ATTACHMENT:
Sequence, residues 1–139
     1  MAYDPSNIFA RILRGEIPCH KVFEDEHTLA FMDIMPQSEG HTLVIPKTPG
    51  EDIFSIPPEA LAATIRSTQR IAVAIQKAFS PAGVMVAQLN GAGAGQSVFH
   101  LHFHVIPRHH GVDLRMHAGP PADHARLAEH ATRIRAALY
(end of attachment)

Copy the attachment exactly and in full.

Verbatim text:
Sequence, residues 1–139
     1  MAYDPSNIFA RILRGEIPCH KVFEDEHTLA FMDIMPQSEG HTLVIPKTPG
    51  EDIFSIPPEA LAATIRSTQR IAVAIQKAFS PAGVMVAQLN GAGAGQSVFH
   101  LHFHVIPRHH GVDLRMHAGP PADHARLAEH ATRIRAALY